Author(s): Palmer S, Boltz VF, Chow JY, Martinson NA, McIntyre JA, , Palmer S, Boltz VF, Chow JY, Martinson NA, McIntyre JA,
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Abstract BACKGROUND: In the Treatment Options Preservation Study (TOPS) trial, 4 or 7 days of Combivir (CBV; zidovudine/lamivudine) with maternal single-dose nevirapine (sdNVP) significantly reduced the emergence of NVP resistance as determined by virus population genotyping. To detect NVP resistance with greater sensitivity, we analysed TOPS samples by allele-specific real-time PCR (ASP). METHODS: In a random subset of women from each arm of the trial, plasma samples from before and 6 weeks after sdNVP were analysed using ASP at codons 103, 181, 184 and 190. RESULTS: Samples were analysed from 27 women in the sdNVP arm and 24 each in the CBV 4-day (sdNVP/CBV4) and 7-day (sdNVP/CBV7) arms. ASP detected NVP-resistant variants in week 6 samples from 70\% of women in the sdNVP arm, 29\% in the sdNVP/CBV4 arm and 33\% in sdNVP/CBV7 arm (P<0.01 for sdNVP/CBV4 or sdNVP/CBV7 versus sdNVP; P=1.0 for sdNVP/CBV4 versus sdNVP/CBV7). Lamivudine resistance was detected by ASP in only 1 of 51 women who received CBV. CONCLUSIONS: Short-course CBV significantly reduced but did not eliminate the emergence of NVP resistance after sdNVP. NVP-resistant variants were detected in about one-third of women despite CBV treatment, but the duration of persistence and clinical impact of these variants in response to antiretroviral therapy is uncertain.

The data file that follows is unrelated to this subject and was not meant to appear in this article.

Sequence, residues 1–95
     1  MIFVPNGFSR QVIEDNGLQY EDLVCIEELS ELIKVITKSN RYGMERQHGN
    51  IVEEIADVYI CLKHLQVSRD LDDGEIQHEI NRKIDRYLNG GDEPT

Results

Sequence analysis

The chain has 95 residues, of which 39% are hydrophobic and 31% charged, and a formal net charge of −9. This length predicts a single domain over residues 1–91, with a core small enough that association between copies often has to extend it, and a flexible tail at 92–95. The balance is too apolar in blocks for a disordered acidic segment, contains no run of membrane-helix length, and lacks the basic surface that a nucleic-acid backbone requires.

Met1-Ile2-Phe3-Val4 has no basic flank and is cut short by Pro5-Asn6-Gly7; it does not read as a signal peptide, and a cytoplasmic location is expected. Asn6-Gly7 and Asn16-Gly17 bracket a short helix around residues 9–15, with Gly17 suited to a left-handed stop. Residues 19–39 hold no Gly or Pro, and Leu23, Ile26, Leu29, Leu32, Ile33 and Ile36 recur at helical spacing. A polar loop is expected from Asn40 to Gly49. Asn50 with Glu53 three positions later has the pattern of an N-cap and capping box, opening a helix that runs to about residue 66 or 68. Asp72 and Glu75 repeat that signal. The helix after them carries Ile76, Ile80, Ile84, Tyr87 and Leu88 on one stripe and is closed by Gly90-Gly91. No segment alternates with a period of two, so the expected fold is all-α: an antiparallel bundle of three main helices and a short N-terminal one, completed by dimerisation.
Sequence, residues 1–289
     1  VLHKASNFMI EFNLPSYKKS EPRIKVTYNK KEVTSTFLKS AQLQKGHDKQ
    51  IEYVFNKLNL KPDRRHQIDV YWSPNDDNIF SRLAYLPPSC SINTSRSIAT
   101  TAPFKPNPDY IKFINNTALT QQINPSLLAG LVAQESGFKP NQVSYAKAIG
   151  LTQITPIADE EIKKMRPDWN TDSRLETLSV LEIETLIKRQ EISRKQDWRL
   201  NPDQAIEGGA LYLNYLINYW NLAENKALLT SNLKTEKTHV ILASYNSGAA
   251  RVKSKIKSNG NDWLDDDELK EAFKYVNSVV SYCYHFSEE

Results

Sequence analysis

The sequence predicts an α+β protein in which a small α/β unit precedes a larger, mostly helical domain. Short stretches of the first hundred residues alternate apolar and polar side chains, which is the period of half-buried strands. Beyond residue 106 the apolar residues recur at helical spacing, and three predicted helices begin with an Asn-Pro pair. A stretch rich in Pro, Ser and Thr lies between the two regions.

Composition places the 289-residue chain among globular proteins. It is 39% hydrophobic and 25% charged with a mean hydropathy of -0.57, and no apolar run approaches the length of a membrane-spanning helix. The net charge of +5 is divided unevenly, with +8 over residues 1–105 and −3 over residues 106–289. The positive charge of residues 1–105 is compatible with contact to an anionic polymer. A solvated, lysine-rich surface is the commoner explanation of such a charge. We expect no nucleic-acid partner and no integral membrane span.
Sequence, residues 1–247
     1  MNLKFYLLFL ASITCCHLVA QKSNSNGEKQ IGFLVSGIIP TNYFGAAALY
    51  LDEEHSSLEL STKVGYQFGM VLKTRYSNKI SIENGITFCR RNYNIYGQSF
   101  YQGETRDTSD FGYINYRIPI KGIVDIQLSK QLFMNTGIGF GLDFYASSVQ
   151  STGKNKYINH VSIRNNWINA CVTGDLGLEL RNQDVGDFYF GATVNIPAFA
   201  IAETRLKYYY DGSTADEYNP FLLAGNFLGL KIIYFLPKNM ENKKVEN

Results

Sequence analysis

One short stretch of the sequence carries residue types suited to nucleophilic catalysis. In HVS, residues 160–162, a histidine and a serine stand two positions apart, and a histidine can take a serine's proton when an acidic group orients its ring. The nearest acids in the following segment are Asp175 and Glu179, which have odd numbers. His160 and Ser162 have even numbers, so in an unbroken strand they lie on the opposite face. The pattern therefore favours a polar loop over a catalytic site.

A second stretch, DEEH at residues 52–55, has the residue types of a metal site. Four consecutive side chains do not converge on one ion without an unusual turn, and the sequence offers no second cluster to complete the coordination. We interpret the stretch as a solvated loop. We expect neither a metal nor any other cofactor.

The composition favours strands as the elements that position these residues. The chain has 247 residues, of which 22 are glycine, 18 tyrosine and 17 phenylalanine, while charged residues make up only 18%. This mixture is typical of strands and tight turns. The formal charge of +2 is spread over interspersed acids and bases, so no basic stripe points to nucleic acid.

This article was published in Antivir Ther
and referenced in Journal of AIDS & Clinical Research